The brilliant Progressives over at the Daily Kos are all atwitter about the bold wager of $10,000 offered by physicist Dr. Christopher Keating to anyone who can “prove, via the scientific method, that man-made global climate change is not occurring.”
Never mind that Dr. Keating states, in making the challenge, “I am the final judge of all entries but will provide my comments on why any entry fails to prove the point.” That of course means he’s a judge in his own cause. Ask some lawyer you know what “conflict of interest” means.
No, the bigger problem is that even if we assume that Keating would be an honest judge, he hasn’t framed the question to reflect the real debate. He’s rigged the bet. Compare it with the old-West poker player who stacks the deck, marks the cards, seats his opponents so he can see their hands in mirrors, and hides a few aces up his sleeve.
No global-warming skeptic I know denies that “man-made climate change is occurring.” Here are things many do deny:
- That human emissions of greenhouse gases have been the primary cause of global warming over the last 50 or so years.
- That the harms likely to come from those emissions will exceed the benefits.
- That the benefits of mitigating the warming by reducing the emissions will likely exceed the harms.
Keating’s challenge would have been a little more respectable if he’d said, “I will award $10,000 of my own money to anyone that can prove, via the scientific method, that human emissions of greenhouse gases have not been the primary cause of global warming over the last 50 years or so; that the harms likely to come from those emissions are not likely to exceed the benefits; and that the benefits of mitigating the warming by reducing the emissions will not likely exceed the harms.”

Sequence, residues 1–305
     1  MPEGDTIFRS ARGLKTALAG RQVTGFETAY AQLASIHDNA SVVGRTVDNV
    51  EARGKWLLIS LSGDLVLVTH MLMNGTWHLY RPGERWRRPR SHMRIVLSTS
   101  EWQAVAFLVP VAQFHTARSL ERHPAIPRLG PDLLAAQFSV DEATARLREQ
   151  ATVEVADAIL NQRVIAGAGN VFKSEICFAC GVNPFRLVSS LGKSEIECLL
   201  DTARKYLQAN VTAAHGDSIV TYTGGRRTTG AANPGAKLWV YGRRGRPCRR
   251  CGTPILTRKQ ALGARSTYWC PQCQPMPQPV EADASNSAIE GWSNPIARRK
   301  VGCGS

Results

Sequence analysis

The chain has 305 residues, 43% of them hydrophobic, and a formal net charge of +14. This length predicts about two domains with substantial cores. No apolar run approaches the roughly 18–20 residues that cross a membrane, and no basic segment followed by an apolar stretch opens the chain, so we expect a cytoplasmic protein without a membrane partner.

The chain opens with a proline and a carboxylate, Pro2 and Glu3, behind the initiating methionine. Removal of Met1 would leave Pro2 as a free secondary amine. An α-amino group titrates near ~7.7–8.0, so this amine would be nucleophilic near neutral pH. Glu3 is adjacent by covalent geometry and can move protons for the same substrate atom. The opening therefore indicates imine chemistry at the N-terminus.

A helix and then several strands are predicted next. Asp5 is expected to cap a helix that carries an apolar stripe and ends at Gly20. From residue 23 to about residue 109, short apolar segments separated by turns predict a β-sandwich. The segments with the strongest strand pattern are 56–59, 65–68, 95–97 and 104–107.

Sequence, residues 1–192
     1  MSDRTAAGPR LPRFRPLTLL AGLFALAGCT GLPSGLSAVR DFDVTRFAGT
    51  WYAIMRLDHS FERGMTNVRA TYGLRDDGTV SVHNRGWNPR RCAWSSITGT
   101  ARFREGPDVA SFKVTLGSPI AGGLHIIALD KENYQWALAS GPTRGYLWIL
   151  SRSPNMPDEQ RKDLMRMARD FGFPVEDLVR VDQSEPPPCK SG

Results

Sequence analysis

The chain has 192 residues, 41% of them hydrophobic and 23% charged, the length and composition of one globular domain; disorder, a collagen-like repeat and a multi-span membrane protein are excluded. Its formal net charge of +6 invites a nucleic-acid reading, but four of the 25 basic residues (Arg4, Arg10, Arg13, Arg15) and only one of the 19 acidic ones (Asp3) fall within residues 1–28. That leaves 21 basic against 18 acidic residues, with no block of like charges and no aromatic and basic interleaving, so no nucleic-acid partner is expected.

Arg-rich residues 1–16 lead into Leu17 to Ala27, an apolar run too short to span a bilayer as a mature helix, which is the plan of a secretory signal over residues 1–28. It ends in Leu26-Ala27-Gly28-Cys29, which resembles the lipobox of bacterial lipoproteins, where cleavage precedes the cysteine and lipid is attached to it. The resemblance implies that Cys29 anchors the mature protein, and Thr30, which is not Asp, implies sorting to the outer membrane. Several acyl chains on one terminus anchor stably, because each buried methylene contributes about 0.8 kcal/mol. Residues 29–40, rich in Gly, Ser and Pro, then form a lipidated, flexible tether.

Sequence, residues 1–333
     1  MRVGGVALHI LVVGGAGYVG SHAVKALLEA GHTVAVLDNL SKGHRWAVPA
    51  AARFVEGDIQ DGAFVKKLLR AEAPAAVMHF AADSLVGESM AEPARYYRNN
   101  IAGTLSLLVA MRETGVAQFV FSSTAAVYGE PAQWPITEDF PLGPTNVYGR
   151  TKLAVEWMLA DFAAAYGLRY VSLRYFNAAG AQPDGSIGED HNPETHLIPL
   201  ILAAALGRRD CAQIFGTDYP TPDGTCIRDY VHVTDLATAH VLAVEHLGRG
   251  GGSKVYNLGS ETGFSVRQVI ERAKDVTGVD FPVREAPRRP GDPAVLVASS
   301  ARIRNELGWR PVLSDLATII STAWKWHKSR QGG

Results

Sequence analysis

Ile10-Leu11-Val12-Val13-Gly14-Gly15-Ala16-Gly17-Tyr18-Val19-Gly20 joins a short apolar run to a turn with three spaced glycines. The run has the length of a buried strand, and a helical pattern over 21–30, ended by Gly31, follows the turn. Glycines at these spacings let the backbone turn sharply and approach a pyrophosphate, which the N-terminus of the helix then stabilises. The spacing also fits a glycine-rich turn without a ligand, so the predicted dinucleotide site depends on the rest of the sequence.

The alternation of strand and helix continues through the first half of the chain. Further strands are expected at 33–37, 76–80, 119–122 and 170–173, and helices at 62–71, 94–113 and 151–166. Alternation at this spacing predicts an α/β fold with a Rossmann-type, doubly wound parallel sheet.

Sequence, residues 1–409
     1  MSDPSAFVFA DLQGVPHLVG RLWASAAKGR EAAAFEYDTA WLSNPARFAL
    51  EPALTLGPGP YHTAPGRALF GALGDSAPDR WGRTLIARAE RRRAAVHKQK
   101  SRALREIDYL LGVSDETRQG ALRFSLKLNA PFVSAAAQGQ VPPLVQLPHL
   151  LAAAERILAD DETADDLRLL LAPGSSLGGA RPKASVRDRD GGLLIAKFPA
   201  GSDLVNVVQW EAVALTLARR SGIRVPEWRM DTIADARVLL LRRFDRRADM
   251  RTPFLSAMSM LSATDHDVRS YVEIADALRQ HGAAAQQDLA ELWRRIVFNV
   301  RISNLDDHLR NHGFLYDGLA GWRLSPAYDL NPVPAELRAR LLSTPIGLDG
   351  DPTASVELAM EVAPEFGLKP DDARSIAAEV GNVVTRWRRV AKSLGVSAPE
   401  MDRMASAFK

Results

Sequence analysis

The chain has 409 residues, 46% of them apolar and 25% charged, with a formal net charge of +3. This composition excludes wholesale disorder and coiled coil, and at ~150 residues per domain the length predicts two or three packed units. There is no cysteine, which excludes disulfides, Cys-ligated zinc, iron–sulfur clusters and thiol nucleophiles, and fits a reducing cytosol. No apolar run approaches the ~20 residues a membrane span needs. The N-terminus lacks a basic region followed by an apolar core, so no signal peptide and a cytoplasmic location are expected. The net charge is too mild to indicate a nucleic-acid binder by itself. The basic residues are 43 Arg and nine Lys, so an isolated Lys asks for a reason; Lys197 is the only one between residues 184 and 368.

But really, since it’s Keating and his ilk who want us to spend trillions of dollars fighting global warming, he should shoulder the burden of proof. Rather than requiring critics to prove the negative of each of his positions, he should challenge them to show that what he considers scientific proof of 1, 2, and 3 above fails to prove one or more of them.
In either case, he should then set forth objective, publicly recognizable criteria by which to make the judgment.
Perhaps Keating and his Progressive friends are hoping this wager offer will gain the kind of fame, and teach the kinds of lessons, another one 34 years ago did. But it won’t.
Because that earlier, famous bet wasn’t rigged.
In 1980, the late Dr. Julian L. Simon, the author of The Economics of Population Growthand an economist and statistician who believed human ingenuity leads to declining resource scarcity over time, challenged Dr. Paul Ehrlich, the author of The Population Bomb and a biologist who believed human consumption leads to increasing resource scarcity over time, to a bet over whether the inflation-adjusted price of each of five commodity metals would rise (evidence that Ehrlich was right) or fall (evidence that Simon was right) over the next ten years. Simon even let Ehrlich choose the five metals. Ehrlich accepted the challenge—and lost. The prices of all five fell over the agreed period.
That bet had clearly defined terms and objective criteria of judgment. Keating’s is nothing but a publicity stunt—a stunt to which the folks not only at Daily Kos but also at Grist and Salon.com, plus many other Progressive/Left/Liberal sites fell prey (just search the web for <“Christopher Keating” bet $10,000>).
The folly of those who fell prey to that stunt is rooted in a flight from reason common around the world today, especially among environmentalists.
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